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Home Editorials of Interest Taipei Times From ROC ashes, Taiwan can rise

From ROC ashes, Taiwan can rise

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The results of the presidential and legislative elections on Jan. 16 are extremely significant. They are to have an enormous impact on the future of Taiwan’s political landscape on at least three levels: First, there is the continued rise of a Taiwanese identity; second, a consolidated democracy has emerged; and third, a new citizenry has taken form.

Over the past eight years, the administration of President Ma Ying-jeou (馬英九) of the Chinese Nationalist Party (KMT) has repeatedly implemented policies aimed at appeasing China, thereby undermining Taiwan’s sovereignty and dignity. The outcome of the nine-in-one elections in 2014 demonstrated the rejection of such policies by Taiwanese, but the KMT showed neither alarm nor remorse.

In less than one year, Ma and former KMT chairman Eric Chu (朱立倫) have reduced the “one China, different interpretations” aspect of the so-called “1992 consensus” to “one China, same interpretation,” essentially consigning the “Republic of China” (ROC) on Taiwan to oblivion. Ma’s brand of diplomacy — basically kow-towing to whatever Beijing says — is not only offensive to the Taiwanese, it is also the source of some embarrassment.

The KMT is completely out of touch with Taiwanese public opinion and the public’s identification with Taiwan.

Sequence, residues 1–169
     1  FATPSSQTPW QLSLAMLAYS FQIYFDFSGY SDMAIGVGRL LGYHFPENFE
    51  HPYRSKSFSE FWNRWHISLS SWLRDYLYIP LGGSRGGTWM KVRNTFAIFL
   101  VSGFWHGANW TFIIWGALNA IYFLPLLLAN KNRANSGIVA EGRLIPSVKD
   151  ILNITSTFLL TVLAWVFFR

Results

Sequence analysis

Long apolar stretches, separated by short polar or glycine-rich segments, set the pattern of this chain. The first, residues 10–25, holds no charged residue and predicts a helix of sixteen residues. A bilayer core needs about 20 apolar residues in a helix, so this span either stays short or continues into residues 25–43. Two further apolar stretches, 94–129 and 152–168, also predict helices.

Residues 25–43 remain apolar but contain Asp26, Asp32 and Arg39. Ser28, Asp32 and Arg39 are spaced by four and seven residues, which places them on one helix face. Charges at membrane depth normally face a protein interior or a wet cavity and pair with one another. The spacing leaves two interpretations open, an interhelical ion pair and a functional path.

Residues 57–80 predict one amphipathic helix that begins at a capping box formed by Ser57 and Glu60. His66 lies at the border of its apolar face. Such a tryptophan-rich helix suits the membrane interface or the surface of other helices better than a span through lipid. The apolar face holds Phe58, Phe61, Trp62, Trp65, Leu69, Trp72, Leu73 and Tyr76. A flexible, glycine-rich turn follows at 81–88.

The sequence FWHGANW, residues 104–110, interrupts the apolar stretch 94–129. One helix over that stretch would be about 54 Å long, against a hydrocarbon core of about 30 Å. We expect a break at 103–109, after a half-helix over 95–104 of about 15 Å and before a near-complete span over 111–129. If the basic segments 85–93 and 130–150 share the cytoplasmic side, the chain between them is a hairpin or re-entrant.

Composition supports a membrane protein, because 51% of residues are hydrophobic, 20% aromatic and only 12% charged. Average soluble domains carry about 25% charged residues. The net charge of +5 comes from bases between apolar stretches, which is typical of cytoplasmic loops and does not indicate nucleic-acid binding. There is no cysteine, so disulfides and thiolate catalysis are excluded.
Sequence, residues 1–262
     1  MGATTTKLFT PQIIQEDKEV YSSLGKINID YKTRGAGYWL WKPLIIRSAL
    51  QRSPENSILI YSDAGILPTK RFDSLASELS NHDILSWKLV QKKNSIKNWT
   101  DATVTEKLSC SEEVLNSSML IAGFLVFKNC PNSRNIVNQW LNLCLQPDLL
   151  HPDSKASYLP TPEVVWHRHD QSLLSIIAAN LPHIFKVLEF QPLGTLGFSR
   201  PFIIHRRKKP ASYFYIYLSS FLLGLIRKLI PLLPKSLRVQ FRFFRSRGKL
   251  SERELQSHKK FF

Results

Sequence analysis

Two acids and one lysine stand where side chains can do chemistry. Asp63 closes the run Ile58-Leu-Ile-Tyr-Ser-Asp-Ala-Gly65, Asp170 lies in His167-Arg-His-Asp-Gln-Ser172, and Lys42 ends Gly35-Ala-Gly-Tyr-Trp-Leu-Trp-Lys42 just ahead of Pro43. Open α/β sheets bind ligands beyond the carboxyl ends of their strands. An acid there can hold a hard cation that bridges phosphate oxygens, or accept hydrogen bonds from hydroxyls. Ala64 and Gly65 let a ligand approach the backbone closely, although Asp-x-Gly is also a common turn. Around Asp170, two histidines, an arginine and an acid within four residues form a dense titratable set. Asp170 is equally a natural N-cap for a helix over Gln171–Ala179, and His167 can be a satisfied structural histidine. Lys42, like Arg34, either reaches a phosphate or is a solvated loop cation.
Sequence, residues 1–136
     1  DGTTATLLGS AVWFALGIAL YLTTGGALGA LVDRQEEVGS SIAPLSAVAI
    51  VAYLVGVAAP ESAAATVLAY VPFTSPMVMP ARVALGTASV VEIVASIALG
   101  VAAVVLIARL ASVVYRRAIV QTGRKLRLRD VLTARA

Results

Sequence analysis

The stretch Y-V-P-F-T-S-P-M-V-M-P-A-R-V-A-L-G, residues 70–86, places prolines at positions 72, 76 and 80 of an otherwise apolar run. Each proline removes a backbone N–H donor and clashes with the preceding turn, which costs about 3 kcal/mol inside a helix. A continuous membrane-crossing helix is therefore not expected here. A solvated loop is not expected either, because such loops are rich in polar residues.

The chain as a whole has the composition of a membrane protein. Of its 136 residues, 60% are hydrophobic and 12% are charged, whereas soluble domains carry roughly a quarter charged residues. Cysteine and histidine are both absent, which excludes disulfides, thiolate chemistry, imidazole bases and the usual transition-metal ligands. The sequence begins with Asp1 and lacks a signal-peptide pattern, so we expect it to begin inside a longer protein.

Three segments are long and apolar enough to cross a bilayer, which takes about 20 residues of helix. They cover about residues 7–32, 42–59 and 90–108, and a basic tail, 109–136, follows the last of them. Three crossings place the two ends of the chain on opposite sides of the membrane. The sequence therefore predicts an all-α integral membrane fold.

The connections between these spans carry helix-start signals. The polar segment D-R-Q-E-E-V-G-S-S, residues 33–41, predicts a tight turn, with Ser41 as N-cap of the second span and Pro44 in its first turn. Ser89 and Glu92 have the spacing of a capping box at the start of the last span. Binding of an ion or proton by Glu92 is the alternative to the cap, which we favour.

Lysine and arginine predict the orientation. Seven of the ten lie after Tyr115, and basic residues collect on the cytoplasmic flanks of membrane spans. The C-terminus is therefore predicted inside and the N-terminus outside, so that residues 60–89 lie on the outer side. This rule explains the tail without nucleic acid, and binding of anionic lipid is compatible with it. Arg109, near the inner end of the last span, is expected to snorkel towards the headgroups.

That is why Taiwanese voted down the KMT again, both in the Presidential Office and the legislature. This is not populism, in which the public are manipulated, as the KMT would have had us believe, but democracy, which restores the public’s right to be the master of the nation.

Had voters not already given the KMT an unprecedented opportunity eight years ago? Unfortunately, Ma abused this opportunity and did no good to either Taiwan’s domestic affairs, including democracy, society and economy, or for foreign relations, such as the nation’s relationship with China, the US, Japan and the world.

Consequently, Taiwanese made a different choice this time, giving the Democratic Progressive Party (DPP) another chance to run the central government and demanding that it safeguard Taiwan’s sovereignty and its people’s right to national identification.

The forced apology of 16-year-old Taiwanese Chou Tzu-yu (周子瑜), a member of the South Korean pop group TWICE, aroused strong opposition among the public on the eve of the election, causing even more young voters to turn out to vote for the DPP and vote down the KMT, which shows that the Taiwanese do not allow their right to national identity to be violated.

Young people do not have this need to struggle to identify with their Taiwanese identity, and they are more likely to be pro-independence. They are the proof that identification with being Taiwanese has deepened in young people and flourished among older generations.

Taiwanese identity does not necessarily mean that people harbor anti-Chinese sentiment, but it does mean that Taiwanese will absolutely not allow Taiwan to be oppressed by the “one China” policy.